(*) holds whenever A and B are mutually exclusive. So given a distribution of values over maximally specific propositions, it determines a value for all propositions.
But there are very few shortcuts. For example, on this picture, the hedonic value of a conjunction is not a function of the value of the conjuncts together with any fact about credences. The distribution of the values inside the conjuncts also matters. Similarly, the value of a disjunction with non-exclusive disjuncts is not a function of the value of these disjuncts. And obviously the value of a negation is not a function of the value of the negatum. This explains why the logic of desire is so poor.
(*) fits nicely with how we compute expected utilities: the expected utility of an action with two possible outcomes A and B is V(A)*P(A) + V(B)*P(B), which equals V(A v B) * P(A v B) by (*). (As Weng Hong pointed out to me, (*) says nothing if P(A) and P(B) are both zero. This is a special case of propositions having equal probability, so I want to say that the value of A v B here, too, is the average. I don't quite see how to make (*) say that.)
If (*) determines the distribution of hedonic value, and desirability is something like having positive hedonic value, then one can prove that principle (12) above is valid whereas all of (1)-(11) are invalid. I actually had to write a little script to come up with a counterexample to (6) (after Magdalena assured me that it can't be proven from (*)). Here is one:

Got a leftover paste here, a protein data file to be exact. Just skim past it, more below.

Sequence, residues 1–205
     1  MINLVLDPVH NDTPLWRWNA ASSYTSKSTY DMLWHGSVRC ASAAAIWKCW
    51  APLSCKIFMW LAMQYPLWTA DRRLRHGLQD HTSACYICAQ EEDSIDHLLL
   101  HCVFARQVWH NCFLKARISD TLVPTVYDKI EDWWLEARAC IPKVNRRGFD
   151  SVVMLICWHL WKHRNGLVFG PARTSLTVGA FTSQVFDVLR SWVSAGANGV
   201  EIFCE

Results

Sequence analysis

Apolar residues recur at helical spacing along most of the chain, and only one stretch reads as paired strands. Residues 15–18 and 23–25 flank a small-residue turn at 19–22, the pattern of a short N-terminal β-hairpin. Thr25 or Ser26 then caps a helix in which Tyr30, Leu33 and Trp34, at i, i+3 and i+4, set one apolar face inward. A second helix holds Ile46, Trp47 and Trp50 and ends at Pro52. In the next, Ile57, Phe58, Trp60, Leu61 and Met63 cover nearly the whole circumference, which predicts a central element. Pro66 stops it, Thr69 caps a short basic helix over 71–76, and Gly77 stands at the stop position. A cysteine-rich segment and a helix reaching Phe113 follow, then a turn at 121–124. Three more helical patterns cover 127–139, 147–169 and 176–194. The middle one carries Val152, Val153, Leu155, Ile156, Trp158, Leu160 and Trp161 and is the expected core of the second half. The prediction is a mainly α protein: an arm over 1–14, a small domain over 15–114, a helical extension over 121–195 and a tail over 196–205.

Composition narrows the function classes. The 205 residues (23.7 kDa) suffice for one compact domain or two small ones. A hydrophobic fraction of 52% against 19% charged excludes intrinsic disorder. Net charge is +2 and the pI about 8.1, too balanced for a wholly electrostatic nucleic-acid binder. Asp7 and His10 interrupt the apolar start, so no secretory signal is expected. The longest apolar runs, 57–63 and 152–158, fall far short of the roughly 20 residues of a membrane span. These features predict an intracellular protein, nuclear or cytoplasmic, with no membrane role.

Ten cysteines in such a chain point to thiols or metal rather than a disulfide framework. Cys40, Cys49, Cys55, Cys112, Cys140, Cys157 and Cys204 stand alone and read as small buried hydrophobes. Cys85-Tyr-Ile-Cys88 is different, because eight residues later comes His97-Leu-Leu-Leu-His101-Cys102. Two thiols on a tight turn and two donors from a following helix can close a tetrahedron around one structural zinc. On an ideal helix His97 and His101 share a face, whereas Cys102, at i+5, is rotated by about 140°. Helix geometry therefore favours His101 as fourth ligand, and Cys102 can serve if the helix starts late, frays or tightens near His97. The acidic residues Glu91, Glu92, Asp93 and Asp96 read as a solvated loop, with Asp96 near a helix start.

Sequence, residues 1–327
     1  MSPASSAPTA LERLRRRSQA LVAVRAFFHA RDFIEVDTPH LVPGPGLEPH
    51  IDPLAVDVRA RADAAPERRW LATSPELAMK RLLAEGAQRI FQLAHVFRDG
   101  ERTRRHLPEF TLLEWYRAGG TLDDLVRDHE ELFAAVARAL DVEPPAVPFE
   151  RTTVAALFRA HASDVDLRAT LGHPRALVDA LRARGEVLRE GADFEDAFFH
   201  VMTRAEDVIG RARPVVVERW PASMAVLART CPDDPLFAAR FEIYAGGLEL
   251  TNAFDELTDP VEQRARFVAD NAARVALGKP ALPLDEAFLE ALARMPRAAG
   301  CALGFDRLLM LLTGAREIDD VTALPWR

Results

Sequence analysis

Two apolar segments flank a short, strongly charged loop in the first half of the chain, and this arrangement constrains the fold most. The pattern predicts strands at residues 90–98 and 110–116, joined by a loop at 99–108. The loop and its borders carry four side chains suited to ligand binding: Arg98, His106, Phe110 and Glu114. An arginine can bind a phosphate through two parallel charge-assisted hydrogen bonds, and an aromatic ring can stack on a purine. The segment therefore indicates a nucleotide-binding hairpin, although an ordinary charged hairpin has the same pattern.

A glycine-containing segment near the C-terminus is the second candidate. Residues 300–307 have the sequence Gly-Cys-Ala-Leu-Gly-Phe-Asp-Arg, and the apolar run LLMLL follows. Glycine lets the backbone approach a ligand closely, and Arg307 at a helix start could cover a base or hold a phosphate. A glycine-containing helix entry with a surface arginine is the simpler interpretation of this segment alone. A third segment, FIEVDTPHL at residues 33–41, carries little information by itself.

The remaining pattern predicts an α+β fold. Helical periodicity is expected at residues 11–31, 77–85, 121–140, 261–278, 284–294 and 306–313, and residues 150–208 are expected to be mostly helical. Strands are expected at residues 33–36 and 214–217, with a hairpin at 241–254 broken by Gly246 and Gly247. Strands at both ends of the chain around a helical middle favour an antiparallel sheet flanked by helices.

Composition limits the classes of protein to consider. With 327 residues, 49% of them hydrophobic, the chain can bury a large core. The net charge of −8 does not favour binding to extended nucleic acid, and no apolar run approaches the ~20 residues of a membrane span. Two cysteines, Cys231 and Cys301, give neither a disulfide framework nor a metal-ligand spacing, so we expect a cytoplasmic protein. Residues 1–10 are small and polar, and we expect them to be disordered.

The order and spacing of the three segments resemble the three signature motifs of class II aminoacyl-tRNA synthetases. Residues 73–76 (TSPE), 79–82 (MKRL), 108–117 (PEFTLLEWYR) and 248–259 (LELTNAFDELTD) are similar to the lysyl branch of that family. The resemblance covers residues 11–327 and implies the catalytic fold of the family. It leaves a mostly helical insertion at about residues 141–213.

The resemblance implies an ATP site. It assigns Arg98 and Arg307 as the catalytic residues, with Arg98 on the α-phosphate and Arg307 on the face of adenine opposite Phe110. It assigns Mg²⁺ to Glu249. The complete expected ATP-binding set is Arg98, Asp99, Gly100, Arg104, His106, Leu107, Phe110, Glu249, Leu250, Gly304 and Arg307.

Your hedonic value for Fred and Anna both coming to the party is -3, but for each coming without the other it is 1. You believe to degree 0.4 that Fred will come without Anna, to 0.4 that Anna will come without Fred, and to 0.2 that they will both come. Then your hedonic value for Fred coming should be -0.33, for Anna coming -0.33, for both of them coming -3, but for (at least) one of them coming 0.2. So in this case, you may rationally desire that Fred or Anna come while not desiring that Fred comes and not desiring that Anna comes (and not desiring that both come).
The hedonic values are quite close together here, so this isn't expected to be an intuitively clear case (and according to my script, all counterexamples to (6) are like this).
The picture also gives an answer to the desirability of a tautology, A v ~A: its hedonic value equals the expected utility of the tautology, which is high if you're optimistic about the world (if you assign high credence to valuable possibilities) and low if you're not. So if you want to know whether somebody is happy or not, just ask if they desire the tautology.
looks like the community is shocked, no responses yet. Can you perhaps elaborate a little on the point by you think that we do not manage to get D controlled and why (12) above is still valid?
Just an idea, to get the discussion starting, or maybe everybody is busy finetunig his/her D-logic?